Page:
The Unique biology of lymphatic edema
Stanford Center for Lymphatic and Venous Disorders, Stanford University School of Medicine, Stanford, California 94305, USA. email@example.com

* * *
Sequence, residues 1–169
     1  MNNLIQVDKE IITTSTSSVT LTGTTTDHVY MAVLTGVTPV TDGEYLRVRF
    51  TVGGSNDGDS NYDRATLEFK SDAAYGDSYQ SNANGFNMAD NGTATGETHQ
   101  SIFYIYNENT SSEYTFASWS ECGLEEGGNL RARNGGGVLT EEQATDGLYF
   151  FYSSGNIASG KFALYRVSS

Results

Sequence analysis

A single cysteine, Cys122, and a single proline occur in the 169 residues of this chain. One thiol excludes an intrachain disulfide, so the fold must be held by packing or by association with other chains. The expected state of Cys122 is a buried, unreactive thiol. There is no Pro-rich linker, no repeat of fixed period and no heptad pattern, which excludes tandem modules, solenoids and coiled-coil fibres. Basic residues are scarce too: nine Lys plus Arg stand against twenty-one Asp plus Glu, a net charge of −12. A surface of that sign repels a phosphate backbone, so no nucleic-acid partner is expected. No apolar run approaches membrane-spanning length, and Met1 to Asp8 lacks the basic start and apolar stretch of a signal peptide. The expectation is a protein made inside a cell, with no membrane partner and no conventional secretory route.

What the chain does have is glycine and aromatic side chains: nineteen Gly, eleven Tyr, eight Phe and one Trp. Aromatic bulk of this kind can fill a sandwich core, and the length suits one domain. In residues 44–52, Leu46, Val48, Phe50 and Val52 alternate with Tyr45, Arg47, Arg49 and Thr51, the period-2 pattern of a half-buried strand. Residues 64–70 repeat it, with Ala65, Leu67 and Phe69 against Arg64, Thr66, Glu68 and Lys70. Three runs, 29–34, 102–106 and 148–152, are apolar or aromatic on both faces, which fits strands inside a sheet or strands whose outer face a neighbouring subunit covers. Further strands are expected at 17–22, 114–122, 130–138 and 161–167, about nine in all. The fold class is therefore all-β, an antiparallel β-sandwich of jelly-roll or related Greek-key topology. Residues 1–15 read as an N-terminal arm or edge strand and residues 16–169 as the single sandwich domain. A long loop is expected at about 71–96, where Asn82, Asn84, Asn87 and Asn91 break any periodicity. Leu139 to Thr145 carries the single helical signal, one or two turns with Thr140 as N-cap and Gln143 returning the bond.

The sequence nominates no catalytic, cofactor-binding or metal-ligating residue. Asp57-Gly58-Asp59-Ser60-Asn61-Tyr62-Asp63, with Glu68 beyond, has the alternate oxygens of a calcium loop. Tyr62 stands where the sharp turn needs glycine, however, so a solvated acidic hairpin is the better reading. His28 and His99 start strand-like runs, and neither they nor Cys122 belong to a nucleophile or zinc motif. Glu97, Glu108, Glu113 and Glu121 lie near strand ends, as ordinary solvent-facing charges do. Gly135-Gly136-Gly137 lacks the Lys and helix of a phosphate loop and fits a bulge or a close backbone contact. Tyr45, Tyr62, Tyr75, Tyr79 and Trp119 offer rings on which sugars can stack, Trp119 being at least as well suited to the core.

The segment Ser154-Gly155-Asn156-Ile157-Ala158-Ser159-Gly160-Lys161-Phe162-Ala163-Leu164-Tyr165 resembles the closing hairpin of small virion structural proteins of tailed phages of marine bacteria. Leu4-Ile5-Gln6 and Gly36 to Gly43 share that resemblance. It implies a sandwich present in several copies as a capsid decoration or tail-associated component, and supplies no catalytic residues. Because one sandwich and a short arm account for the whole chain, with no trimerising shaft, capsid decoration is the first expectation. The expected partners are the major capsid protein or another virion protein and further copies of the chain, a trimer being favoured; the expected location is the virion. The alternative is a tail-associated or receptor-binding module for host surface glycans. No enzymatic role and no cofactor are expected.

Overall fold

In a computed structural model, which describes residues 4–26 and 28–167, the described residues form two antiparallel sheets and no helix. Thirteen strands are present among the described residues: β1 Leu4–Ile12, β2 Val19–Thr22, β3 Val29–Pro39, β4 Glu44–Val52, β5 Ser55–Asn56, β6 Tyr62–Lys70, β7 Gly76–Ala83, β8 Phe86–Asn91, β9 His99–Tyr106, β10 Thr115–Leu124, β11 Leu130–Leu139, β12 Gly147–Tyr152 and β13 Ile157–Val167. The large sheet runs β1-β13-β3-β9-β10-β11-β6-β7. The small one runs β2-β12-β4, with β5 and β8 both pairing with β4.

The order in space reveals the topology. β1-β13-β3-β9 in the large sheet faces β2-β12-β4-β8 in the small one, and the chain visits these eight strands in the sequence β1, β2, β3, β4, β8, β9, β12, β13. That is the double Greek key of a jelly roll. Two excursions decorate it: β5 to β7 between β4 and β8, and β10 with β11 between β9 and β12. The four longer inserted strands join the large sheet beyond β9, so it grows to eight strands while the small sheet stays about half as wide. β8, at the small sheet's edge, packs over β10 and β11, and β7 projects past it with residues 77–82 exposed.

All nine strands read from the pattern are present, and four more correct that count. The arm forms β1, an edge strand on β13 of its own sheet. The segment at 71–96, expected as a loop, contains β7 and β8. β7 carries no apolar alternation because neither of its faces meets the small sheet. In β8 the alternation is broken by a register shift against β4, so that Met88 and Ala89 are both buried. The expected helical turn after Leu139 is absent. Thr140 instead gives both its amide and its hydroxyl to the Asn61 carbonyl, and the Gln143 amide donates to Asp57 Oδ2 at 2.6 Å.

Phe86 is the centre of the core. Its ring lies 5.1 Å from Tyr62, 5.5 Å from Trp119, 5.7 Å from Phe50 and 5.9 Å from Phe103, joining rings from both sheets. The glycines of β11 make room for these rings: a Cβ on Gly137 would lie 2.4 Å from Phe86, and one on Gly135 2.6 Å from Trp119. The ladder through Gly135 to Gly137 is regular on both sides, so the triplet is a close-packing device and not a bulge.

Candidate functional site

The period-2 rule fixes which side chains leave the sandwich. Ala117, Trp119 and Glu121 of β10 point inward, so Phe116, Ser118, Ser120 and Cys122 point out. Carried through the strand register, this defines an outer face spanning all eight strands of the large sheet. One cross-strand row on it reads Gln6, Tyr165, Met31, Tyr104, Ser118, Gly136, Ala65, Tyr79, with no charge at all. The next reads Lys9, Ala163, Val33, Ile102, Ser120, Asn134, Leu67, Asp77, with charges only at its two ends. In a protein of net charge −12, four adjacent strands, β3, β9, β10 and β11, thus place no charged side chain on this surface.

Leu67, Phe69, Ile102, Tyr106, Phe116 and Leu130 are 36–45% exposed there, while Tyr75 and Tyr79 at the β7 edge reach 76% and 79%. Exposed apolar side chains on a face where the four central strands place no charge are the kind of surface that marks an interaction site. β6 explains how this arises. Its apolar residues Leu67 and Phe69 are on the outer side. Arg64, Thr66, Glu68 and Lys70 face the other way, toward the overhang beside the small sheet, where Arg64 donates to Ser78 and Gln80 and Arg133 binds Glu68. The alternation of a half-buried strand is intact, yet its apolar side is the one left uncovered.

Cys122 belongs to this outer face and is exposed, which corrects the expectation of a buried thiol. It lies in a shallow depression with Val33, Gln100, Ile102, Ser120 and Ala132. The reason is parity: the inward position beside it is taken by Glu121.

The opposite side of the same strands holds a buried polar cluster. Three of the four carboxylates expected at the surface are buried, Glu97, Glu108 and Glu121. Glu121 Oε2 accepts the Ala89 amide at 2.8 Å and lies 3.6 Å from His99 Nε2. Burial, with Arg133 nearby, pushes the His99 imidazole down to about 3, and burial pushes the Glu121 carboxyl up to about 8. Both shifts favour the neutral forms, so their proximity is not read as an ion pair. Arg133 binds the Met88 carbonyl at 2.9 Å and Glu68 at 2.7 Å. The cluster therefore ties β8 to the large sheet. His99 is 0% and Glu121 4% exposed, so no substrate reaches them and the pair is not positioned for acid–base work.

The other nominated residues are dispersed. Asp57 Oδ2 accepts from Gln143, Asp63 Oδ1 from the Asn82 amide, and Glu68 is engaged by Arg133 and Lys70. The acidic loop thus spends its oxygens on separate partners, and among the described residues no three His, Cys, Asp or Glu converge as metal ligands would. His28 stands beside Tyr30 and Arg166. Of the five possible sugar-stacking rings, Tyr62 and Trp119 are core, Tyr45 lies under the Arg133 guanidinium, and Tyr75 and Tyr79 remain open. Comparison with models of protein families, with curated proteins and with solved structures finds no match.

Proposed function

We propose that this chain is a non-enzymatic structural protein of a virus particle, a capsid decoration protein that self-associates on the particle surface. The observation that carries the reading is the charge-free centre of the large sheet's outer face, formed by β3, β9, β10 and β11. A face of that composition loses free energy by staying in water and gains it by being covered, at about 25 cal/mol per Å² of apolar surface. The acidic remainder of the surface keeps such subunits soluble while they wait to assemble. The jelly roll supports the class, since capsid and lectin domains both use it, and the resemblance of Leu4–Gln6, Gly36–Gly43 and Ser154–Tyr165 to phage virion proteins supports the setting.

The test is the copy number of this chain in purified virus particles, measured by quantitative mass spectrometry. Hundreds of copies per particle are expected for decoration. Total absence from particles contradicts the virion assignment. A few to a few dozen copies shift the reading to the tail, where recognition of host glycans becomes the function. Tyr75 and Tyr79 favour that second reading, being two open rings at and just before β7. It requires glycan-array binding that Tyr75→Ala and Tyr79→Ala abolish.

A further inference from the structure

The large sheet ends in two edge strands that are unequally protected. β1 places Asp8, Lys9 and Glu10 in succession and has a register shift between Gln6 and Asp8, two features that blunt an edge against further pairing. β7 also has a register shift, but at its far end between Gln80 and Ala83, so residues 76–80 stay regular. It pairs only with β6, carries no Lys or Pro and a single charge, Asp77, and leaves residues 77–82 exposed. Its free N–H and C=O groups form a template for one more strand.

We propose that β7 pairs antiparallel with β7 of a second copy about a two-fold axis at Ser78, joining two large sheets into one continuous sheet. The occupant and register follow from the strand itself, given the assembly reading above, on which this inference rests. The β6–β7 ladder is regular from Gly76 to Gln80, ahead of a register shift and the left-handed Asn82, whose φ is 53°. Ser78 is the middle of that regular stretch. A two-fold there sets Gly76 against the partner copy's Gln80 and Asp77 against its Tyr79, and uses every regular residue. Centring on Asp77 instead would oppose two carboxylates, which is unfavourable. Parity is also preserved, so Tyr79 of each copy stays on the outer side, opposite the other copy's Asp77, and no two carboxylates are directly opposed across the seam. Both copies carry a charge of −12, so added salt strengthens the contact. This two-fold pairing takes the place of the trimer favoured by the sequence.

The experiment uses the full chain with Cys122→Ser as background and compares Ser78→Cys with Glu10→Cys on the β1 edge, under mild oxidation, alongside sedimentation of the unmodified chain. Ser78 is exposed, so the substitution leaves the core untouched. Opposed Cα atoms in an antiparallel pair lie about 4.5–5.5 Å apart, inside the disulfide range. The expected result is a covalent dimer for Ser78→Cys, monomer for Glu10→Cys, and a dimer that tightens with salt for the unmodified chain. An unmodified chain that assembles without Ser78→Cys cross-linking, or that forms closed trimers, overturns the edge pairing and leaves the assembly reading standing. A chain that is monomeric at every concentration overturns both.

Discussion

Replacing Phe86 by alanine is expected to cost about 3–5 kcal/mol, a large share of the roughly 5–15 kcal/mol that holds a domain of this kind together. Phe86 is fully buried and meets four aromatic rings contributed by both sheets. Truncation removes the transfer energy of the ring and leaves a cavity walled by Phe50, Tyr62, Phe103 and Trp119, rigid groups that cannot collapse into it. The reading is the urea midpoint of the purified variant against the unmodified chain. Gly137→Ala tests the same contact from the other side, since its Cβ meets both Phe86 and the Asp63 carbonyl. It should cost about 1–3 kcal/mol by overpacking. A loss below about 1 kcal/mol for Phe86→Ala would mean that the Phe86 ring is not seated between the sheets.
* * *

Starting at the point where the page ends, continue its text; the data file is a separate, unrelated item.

Sadly, the subject of lymphatic vascular insufficiency continues to engender relative neglect by health care professionals, which represents a source of frustration and fear among patients. A re-consideration of the unique, complex biology of lymphatic vascular disorders has the capacity both to reinvigorate interest and facilitate the implementation of the correct, existing treatment interventions for individuals affected by these disease states. While most of this complex lymphatic biology remains somewhat elusive, growing insights into the molecular mechanisms of lymphatic development and repair have been instructive. Present and future considerations in lymphedema diagnosis and management must acknowledge the unique tissue biology of this disorder. Many changes are unique to the lymphatic mechanisms of chronic edema. The profound stimulus to collagen deposition in the integument seems to be unique to chronic lymphatic edema, although this biology remains largely unexplicated. Several lines of evidence also suggest that lymphatic function has a unique and important influence upon adipose biology. Molecular investigation of murine models of human acquired lymphedema are beginning to shed light on these processes. Such focused mechanistic, approaches to the study of lymphedema and other lymphatic diseases are vital, as we attempt to expand our insights into the complex biology of lymphedema and its potential responsiveness to pharmacologic control and molecular intervention, prevention, and reversal.